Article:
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Posted on Mon, Oct 24, 2011 : 5:31 a.m.

Expect to sing along as Kim & Reggie Harris offer uplifting traditional folk tunes at Green Wood series

By Roger LeLievre


Kim and Reggie Harris come to the Green Wood Coffee House on Friday.

If there’s anyone who knows how to get an audience going, it’s Kim and Reggie Harris. The husband-and-wife duo have been honing their traditional, gospel-flavored act for more than 30 years.

The pair will play at the First United Methodist Church Green Wood’s ongoing coffeehouse / concert series on Friday night.

“We come from the great folk tradition; the churches we grew up in were certainly participatory experiences as far a music was concerned,” said Reggie Harris, who spoke to from his home in New York state, where he and his neighbors were still cleaning up from the destruction of Hurricane Irene.

“In every performance that we do, there’s going to be opportunities to sing, opportunities to participate. … We talk a lot about things that tie into the songs. We love to tell stories so we’ll do that too.”


Kim & Reggie Harris

  • Who: Husband-and-wife duo are acclaimed singer/songwriters and educators.
  • What: Inspirational folk and gospel music often dealing with the civil rights movement. Part of the Green Wood Coffee House concert series.
  • Where: First United Methodist Church Green Wood, 1001 Green Road.
  • When: 8 p.m. Friday, Oct. 28.
  • How much: $15. Info: 734-665-8558.
No strangers to the Ann Arbor area, they have performed at The Ark (most recently as part of a Phil Ochs tribute night) and Green Wood before. Born and raised in Philadelphia, the couple’s early exposure to the diversity of musical styles and genres was nurtured in the schools and churches of their youth.

“We started out basically as performers who wanted to do our songs and have people listen to them,” said Harris. “Over the years, we’ve just really come to embrace more of our legacy, but also you just see what music does for groups of people when they are singing together. It really becomes about something else, about community building, empowerment.”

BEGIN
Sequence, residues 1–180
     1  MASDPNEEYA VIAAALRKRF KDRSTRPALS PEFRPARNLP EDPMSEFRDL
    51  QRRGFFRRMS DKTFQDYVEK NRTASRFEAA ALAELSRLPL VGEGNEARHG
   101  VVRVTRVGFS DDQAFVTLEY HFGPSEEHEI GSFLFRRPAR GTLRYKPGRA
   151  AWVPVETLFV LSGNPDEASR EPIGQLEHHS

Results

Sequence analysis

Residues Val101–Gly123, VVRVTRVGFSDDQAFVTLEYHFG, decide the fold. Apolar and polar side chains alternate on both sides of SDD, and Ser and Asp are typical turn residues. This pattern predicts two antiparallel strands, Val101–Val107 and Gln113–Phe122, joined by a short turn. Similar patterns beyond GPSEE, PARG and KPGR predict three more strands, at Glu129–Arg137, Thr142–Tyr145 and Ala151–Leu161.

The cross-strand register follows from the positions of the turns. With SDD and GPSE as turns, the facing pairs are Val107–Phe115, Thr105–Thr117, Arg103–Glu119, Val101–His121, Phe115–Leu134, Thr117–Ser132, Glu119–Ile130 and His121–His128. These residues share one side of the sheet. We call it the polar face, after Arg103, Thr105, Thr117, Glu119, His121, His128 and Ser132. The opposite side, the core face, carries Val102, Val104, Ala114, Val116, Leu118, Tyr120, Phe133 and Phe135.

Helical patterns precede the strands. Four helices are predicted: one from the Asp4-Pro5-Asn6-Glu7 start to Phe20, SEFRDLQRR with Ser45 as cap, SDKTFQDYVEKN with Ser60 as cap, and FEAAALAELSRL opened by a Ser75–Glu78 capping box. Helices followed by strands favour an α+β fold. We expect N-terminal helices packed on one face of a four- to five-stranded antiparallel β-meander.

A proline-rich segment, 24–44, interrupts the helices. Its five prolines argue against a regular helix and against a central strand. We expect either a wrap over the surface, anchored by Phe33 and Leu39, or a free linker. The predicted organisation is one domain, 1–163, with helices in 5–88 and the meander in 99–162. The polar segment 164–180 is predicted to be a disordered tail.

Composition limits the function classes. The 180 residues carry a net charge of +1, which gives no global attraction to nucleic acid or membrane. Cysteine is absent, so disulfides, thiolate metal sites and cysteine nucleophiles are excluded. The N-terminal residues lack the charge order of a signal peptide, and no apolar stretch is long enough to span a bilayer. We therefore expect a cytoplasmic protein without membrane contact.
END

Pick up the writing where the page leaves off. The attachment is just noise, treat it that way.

As a result of their CDs “Steal Away” and “Get On Board” and materials developed in their work with the Kennedy Center, they have earned acclaim in historical and educational circles for their contributions to the resources and knowledge base on the Underground Railroad and the modern civil-rights movement.

Harris agreed that the fight for social justice continues.

“If you look at history, particularly around issues of freedom and civil rights, I guess we are very slow learners as a people,” he said. “We love doing the songs to open the window for conversation.”

Change doesn’t come overnight, he added.

“It is sort of a glacial pace. But if you look at the world since I was growing up, there really have been a lot of changes. They have come very hard-fought, but the world is a very different place,” Harris said. “The powers that be try to hold on to their power. But I think you have to acknowledge what has been accomplished and move from there.”

The couple is passionate about using music to inform and educate, and has for years worked closely with the Kennedy Center helping teachers link with the arts and use the arts in their classrooms.

“It’s all about educating and using the arts to do that,” Harris said. “There is no culture that doesn’t teach through the arts. … We have another generation coming along that doesn’t have that same baggage. That’s one of the things I love times when we go into schools. We mention some of the things that tie into the history of where America has come from and the kids are incredulous that this was even an issue. That’s were I get the most hope, when I work with young people and see that the world for them is different.

“We use the music as a background so we can get them thinking about it so they can change what needs to be changed,” he added.

Harris said the Green Wood ticketholders should come ready for some audience participation. He also said to expect songs from the duo’s upcoming CD, “Resurrection,” as well as tunes dealing with the Underground Railroad, songs by Phil Ochs (one of their heroes) and a tune by the late civil rights advocate Matt Jones, “Tree of Life.”

We still have a long way to go on it,” he said of the new CD. “We’ll do four or five of the new songs, plus (songs from) all the records and a couple of new stories. We try to surprise. People should come and bring their voices. They are going to have a good time.”